In 2011, I announced I was trying to see every film released in 1939. This new series chronicles films released in 1939 as I watch them. As we start out this blog feature, this section may become more concrete as I search for a common thread that runs throughout each film of the year. Right now, that’s difficult.
1939 film: The Hound of the Baskervilles (1939)
Release date: March 24, 1939
Cast: Basil Rathbone, Nigel Bruce, Richard Greene, Wendy Barrie, Lionel Atwill, John Carradine, Barlowe Borland, Barlowe Borland, Morton Lowry, Ralph Forbes, E. E. Clive, Mary Gordon, Eily Malyon
Studio: 20th Century Fox
Director: Sidney Lanfield
Legend has it that most heirs of the Baskerville estate die as a result of a demon hound. When Sir Charles Baskerville is found dead on the moor potentially due to a hound, his friend Dr. Mortimer (Atwill) seeks out the help of Sherlock Holmes (Rathbone) to get to the bottom of Sir Charles’s death. Holmes also is protecting Sir Charles’s nephew, Sir Henry Baskerville (Greene), who is arriving from Canada to claim the estate and may be in danger.
• This was the first film that Basil Rathbone starred in as Sherlock Holmes. He starred as Holmes twice in 1939 with “The Adventures of Sherlock Holmes” following this film. Basil Rathbone was in six films released in 1939
• Nigel Bruce starred in three films in 1939; two of them were Sherlock Holmes films and the third was “The Rains Came.”
• Lionel Atwill co-starred in nine films in 1939.
• John Carradine was in eight films released in 1939.
• One of 14 Sherlock Holmes movies made with Basil Rathbone from 1939 to 1946.
• Anita Louise was originally set to star in the film, according to a Dec. 4, 1938 article. A Jan. 17, 1939, article said Louise was replaced by Wendy Barrie. Darryl F. Zanuck said he didn’t want Louise and Richard Greene co-starring twice, the other in “The Little Princess” (1939)
My review: Searching for the “1939 feature”:
Actor Basil Rathbone is known for a few things: his excellent sword fighting, playing an excellent villain, and his role of Sherlock Holmes.
The latter fits in today’s review. While not the top film of 1939, “The Hound of Baskerville” is an important footnote of the year. This film Rathbone’s debut in a role he is known for: the fictional English detective, Sherlock Holmes. It is also the first time we see his sidekick, Nigel Bruce as Dr. Watson.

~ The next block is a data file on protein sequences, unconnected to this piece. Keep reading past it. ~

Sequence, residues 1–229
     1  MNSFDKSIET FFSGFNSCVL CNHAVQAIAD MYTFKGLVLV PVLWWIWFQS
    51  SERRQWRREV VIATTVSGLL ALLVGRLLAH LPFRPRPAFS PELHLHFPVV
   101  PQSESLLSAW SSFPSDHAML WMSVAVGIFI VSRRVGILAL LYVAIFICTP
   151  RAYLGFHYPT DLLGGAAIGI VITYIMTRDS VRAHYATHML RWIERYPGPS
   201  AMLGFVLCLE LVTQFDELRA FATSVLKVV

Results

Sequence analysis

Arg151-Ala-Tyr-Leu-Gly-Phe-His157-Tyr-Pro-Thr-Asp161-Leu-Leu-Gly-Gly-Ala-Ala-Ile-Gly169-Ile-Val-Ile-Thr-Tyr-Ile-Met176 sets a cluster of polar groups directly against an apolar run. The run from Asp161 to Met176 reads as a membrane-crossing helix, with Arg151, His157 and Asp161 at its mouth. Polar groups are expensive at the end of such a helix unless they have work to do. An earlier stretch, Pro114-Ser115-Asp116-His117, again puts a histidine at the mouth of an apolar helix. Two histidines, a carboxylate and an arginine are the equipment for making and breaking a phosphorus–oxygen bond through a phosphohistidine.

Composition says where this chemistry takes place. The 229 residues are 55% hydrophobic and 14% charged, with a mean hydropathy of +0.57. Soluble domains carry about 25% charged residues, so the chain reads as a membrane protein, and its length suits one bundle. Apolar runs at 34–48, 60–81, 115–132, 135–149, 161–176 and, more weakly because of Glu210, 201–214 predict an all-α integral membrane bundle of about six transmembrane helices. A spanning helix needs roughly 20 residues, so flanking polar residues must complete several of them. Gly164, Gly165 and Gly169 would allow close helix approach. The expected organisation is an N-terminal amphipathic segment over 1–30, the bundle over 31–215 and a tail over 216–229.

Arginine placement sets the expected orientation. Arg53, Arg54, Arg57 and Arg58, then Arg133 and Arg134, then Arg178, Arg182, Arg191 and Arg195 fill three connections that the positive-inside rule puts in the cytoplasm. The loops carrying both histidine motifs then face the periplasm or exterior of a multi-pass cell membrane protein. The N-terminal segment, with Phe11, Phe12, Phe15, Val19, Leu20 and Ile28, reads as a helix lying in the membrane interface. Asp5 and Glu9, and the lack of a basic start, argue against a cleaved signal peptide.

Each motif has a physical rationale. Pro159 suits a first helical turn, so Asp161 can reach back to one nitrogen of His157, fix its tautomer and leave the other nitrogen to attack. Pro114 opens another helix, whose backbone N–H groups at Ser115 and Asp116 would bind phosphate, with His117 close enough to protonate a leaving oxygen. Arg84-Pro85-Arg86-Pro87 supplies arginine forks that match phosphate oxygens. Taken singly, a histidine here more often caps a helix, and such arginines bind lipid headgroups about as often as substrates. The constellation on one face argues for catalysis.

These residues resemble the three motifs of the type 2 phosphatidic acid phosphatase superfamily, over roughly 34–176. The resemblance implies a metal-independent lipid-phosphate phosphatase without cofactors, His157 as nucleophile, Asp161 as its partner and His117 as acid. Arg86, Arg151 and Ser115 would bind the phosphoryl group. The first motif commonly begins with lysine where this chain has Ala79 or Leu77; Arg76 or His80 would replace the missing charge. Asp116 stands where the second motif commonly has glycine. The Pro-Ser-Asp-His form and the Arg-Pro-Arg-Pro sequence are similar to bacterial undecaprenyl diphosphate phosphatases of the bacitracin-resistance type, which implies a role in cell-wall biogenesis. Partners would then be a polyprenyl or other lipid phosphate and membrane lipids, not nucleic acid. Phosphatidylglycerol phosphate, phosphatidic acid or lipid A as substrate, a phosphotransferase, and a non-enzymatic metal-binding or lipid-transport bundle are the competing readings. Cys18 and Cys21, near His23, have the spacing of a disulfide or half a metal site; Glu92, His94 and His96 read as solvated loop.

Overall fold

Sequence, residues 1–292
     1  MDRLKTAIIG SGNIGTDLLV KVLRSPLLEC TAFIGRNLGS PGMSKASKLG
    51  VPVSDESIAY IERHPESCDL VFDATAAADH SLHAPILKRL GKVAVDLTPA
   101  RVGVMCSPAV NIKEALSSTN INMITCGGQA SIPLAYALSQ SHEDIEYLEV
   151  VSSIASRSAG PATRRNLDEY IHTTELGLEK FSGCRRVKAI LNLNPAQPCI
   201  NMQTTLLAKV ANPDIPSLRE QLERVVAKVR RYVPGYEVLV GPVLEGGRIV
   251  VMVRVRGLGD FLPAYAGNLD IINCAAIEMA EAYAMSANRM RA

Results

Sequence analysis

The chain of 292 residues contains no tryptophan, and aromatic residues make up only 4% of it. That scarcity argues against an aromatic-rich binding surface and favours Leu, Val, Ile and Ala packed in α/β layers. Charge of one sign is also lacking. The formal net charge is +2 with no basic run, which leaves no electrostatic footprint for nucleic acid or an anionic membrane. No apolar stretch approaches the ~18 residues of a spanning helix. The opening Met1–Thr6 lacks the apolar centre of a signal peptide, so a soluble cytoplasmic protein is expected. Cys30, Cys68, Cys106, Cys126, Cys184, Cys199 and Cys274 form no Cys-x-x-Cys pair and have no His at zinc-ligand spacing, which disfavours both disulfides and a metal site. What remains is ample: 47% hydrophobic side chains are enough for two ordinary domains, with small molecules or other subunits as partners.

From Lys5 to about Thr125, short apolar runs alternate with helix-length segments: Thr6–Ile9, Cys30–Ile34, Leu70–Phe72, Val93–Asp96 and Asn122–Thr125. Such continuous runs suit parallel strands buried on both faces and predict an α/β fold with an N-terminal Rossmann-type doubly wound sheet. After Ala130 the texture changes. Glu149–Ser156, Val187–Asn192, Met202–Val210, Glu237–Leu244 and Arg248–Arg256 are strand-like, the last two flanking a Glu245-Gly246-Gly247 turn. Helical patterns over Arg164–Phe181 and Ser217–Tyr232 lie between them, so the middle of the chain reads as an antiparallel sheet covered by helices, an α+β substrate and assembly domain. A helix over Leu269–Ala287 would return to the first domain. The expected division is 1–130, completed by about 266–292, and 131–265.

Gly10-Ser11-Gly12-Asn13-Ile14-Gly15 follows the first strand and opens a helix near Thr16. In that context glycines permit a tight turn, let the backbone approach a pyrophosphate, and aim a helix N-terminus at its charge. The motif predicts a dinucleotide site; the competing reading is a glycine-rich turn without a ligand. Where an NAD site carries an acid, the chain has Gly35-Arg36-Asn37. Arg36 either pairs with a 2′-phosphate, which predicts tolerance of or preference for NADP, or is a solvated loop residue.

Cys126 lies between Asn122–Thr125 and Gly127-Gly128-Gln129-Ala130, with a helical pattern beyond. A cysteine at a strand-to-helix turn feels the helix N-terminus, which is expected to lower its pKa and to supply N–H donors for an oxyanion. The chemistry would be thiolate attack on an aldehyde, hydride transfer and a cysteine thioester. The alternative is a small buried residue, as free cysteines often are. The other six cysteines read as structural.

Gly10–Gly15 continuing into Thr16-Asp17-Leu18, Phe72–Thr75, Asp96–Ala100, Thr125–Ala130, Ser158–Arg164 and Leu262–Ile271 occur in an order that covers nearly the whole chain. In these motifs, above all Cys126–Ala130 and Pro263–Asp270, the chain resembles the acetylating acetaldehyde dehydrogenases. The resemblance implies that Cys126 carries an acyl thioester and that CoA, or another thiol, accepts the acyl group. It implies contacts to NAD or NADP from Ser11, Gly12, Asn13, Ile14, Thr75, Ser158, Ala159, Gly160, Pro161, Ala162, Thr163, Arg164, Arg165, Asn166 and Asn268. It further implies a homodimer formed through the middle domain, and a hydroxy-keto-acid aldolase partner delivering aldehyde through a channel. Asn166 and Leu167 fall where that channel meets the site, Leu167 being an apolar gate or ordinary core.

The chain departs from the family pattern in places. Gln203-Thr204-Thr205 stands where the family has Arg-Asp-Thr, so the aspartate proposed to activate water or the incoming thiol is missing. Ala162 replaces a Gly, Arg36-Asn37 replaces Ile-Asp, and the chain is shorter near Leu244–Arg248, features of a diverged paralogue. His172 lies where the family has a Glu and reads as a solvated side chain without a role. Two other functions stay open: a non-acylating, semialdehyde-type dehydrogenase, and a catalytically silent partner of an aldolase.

In total, Rathbone and Bruce reprised their roles 14 times as Holmes and Watson from 1939 to 1946. I would say that makes them a screen team, if you ask me.
“The Hound of Baskerville” is an intriguing mystery and also lots of fun. We get to see a lighter side of Rathbone, when he dresses in an elderly disguise to sneak across the moors.
Bruce’s Watson is a little bumbling, but does generally help out his friend Holmes.
Outside of Rathbone and Bruce, Richard Greene is also our hero in this film. Greene plays the young heir to the Baskerville estate who is unknowingly in danger. Greene, who gained stardom in 1938, was still a rising star at 20th Century Fox in 1939 and is a pleasant leading man.
The film also includes a host of other familiar character actors, including Lionel Atwill as a doctor and John Carradine as a butler.
I do feel sad for the hound in the movie, but that’s just my dog lover coming out. The pup isn’t the true villain here.
I rented this movie from DVD Netflix to revisit and had a great time doing so. It’s a brief watch, at 80 minutes, and the mystery is wrapped up neatly for the viewer. Though I had my suspicions, I wouldn’t say that the “who-done-it” is too easy to figure out.
“The Hound of Baskerville” and all of the other Sherlock Holmes films with Basil Rathbone are great fun. I would argue that he provided one of the best characterizations of the detective.
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What a wonderful set of films the Rathbone and Bruce movies are. I think the first two a notch above the series as a whole because they were from Fox while the rest were down mainly as B’s at Universal.
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